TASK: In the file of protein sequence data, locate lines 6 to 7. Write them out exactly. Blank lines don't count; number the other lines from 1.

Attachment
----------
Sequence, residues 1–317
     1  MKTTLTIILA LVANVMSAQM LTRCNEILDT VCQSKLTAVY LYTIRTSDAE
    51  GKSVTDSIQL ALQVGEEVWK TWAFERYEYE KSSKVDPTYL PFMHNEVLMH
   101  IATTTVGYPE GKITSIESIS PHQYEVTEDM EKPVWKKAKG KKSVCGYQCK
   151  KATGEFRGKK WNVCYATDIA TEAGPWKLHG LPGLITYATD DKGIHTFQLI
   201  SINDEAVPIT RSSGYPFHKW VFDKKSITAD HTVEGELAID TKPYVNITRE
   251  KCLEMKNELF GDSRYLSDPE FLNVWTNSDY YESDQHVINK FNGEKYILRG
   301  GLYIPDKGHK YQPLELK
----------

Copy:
   201  SINDEAVPIT RSSGYPFHKW VFDKKSITAD HTVEGELAID TKPYVNITRE
   251  KCLEMKNELF GDSRYLSDPE FLNVWTNSDY YESDQHVINK FNGEKYILRG